ServerPreferences4

Its important to understand that the SSH port listed above is the Default port (22) not your custom port.  So let add your custom SSH port.  Press the "+" button again and this time choose "Custom" in the drop down list.  In the "Service Name:" field enter something like "Secret SSH".  In the "Port:" field enter your custom SSH port, in our case that is "27000".  Obviously enter the port that applied to your setup.  Press "Add" when you are done.

ServerPreferences5

Now your setup should look something like this.

ServerPreferences6

At this point you should close this window and the Firewall setting will take. You should NOT loose your Screen Sharing connection. Make sure to test that you can connect to your server via SSH.

After you are sure you can SSH onto the server we can re-open the "Security" window and remove the standard "Remote Login (SSH)" by selecting it and pressing the "-" button.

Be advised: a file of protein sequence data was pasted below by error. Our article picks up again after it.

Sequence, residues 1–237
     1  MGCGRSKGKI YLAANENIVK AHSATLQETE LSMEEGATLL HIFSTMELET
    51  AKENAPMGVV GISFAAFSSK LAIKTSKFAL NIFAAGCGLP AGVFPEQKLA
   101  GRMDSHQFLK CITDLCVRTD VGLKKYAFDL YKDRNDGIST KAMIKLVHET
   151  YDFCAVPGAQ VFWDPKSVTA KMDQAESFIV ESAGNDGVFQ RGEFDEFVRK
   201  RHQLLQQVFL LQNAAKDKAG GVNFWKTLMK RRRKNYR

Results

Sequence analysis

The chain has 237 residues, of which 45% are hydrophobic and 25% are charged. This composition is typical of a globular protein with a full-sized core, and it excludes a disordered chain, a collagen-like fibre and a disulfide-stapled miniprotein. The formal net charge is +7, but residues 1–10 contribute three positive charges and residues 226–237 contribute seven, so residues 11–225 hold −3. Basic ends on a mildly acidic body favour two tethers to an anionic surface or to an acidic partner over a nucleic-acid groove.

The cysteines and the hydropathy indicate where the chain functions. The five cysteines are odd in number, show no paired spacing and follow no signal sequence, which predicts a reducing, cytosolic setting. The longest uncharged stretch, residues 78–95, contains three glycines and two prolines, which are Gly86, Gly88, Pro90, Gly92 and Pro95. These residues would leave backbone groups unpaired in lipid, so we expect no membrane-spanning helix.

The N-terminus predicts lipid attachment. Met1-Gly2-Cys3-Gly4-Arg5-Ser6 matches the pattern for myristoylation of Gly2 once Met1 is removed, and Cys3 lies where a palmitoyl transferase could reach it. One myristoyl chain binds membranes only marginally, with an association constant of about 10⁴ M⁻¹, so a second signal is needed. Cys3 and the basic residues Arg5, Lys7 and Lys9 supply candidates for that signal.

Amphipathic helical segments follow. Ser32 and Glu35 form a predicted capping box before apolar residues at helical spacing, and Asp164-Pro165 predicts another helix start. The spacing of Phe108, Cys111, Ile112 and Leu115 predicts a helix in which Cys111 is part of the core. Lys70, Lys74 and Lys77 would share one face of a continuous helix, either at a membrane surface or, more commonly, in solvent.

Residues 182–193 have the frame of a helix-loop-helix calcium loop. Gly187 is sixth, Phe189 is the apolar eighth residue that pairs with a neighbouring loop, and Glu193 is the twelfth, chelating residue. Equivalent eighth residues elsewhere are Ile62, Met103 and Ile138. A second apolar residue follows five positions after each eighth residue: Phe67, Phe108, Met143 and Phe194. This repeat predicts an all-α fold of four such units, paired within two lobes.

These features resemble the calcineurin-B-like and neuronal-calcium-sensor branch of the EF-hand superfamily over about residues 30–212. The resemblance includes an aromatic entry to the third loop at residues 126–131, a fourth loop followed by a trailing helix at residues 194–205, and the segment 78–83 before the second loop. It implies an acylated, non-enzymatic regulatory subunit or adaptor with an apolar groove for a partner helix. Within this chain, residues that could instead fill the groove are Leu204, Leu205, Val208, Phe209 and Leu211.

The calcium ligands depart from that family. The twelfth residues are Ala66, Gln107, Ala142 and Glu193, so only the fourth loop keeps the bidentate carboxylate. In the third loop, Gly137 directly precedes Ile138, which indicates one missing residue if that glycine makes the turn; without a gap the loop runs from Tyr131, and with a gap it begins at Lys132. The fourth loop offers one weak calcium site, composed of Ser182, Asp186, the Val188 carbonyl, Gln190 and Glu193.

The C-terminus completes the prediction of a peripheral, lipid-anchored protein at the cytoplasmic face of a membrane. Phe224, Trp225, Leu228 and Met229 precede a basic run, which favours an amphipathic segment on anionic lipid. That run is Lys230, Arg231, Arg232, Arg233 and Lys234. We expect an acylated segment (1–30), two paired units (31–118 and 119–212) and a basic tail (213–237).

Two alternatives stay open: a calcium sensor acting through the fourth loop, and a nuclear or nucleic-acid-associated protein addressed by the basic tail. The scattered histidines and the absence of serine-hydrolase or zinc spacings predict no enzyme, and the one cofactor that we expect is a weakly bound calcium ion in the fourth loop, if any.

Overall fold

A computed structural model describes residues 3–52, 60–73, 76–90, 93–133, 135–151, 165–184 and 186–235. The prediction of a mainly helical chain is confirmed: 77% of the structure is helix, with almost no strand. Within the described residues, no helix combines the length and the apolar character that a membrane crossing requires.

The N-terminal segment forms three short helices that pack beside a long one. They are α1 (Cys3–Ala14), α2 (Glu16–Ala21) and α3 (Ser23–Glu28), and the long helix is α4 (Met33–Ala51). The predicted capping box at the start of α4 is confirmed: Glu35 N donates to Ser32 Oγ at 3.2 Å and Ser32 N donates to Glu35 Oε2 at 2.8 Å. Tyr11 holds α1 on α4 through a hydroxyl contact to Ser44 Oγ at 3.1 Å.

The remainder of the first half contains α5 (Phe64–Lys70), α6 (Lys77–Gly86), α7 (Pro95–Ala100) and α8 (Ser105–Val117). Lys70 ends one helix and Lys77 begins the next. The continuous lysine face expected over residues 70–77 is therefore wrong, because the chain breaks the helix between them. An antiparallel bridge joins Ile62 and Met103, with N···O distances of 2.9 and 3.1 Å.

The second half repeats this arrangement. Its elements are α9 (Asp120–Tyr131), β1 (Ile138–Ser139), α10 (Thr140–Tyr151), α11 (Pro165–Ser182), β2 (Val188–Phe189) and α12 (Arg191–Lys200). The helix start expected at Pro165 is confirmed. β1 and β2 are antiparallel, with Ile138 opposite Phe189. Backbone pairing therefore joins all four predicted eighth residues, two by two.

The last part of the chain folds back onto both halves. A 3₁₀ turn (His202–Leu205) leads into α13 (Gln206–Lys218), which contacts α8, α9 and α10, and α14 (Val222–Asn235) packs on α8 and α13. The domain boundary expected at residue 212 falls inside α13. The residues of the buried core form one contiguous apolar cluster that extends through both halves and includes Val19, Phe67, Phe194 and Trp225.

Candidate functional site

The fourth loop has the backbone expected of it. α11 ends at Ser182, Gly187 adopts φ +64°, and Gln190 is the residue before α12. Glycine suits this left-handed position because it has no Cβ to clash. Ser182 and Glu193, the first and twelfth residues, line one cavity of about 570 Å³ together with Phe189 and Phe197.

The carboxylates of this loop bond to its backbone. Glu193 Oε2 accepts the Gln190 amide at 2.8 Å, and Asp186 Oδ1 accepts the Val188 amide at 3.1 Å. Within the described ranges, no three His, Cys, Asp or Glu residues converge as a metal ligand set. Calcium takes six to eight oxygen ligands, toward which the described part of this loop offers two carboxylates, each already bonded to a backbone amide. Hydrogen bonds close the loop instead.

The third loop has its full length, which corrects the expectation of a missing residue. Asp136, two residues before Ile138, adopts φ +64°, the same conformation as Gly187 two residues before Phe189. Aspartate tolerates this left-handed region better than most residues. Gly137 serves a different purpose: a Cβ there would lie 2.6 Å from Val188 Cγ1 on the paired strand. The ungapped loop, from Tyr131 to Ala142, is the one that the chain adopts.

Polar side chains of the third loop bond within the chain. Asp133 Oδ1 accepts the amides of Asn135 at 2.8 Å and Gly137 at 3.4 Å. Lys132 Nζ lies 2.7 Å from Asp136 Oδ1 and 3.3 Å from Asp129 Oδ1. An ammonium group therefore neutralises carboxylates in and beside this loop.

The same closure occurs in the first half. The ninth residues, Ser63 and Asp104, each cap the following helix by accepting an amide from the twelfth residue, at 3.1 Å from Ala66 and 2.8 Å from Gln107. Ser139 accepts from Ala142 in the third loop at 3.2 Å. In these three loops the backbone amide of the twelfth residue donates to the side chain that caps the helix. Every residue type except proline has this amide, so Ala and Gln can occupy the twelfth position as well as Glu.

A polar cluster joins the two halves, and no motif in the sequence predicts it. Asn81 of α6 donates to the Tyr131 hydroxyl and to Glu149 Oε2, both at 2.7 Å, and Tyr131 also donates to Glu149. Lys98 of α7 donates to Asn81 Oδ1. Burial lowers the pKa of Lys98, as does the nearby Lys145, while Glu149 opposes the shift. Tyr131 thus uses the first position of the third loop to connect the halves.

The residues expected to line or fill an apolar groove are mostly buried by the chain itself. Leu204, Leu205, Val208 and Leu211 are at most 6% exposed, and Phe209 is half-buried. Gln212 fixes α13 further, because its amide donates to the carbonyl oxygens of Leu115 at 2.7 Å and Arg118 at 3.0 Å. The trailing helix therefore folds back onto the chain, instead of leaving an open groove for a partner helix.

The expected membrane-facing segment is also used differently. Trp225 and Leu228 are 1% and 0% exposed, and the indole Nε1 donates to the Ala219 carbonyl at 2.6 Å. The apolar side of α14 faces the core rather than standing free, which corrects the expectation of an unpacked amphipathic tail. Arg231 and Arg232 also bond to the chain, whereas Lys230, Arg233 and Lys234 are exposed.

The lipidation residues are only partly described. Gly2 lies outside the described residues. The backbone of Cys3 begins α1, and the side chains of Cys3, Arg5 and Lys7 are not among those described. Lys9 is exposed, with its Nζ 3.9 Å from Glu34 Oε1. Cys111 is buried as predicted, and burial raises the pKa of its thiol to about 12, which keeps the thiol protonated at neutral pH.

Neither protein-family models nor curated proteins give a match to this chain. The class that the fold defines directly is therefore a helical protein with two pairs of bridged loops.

ServerPreferences7

Close the "Security" window and verify that can still connect via your custom SSH port.  If you are sure you can SSH onto the server then close the Screen Sharing app.

Screen Sharing via SSH tunnel

Create a SSH Tunnel for Screen Sharing and re-connect to the server over the SSH tunnel. Do NOT continue until you have the tunnel running and you are Screen Sharing through the tunnel. This step exists to verify that you CAN tunnel into your machine!

Go back into the "Security" settings. Now we will be removing the "Screen Sharing" option by selecting it and pressing the "-" button. You should see something similar to the image below once the service has been removed. You can now close this window as you have fully setup your Firewall.

ServerPreferences8

At this point you can close your Screen Sharing app. Now try to reconnect to your server WITHOUT using your SSH tunnel. Verify that your Screen Sharing connection is rejected or fails to connect. If you can't connect over the standard port then you are all done! You just made your server even more secure.

Wrap up

It's very important that you NEVER remove the "Secret SSH" service from your firewall. Without SSH you have no way to log onto the machine now that Screen Sharing is disabled.